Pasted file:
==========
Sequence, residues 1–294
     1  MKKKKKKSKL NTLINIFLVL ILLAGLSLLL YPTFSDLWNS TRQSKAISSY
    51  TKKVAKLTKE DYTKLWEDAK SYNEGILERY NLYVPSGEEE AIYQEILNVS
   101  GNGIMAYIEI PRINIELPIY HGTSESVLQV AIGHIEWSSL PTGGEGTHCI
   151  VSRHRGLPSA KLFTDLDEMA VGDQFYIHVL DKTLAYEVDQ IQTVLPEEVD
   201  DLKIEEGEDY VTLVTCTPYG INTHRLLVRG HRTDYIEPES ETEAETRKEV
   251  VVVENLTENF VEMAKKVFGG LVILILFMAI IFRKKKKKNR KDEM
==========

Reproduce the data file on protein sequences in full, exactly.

Sequence, residues 1–294
     1  MKKKKKKSKL NTLINIFLVL ILLAGLSLLL YPTFSDLWNS TRQSKAISSY
    51  TKKVAKLTKE DYTKLWEDAK SYNEGILERY NLYVPSGEEE AIYQEILNVS
   101  GNGIMAYIEI PRINIELPIY HGTSESVLQV AIGHIEWSSL PTGGEGTHCI
   151  VSRHRGLPSA KLFTDLDEMA VGDQFYIHVL DKTLAYEVDQ IQTVLPEEVD
   201  DLKIEEGEDY VTLVTCTPYG INTHRLLVRG HRTDYIEPES ETEAETRKEV
   251  VVVENLTENF VEMAKKVFGG LVILILFMAI IFRKKKKKNR KDEM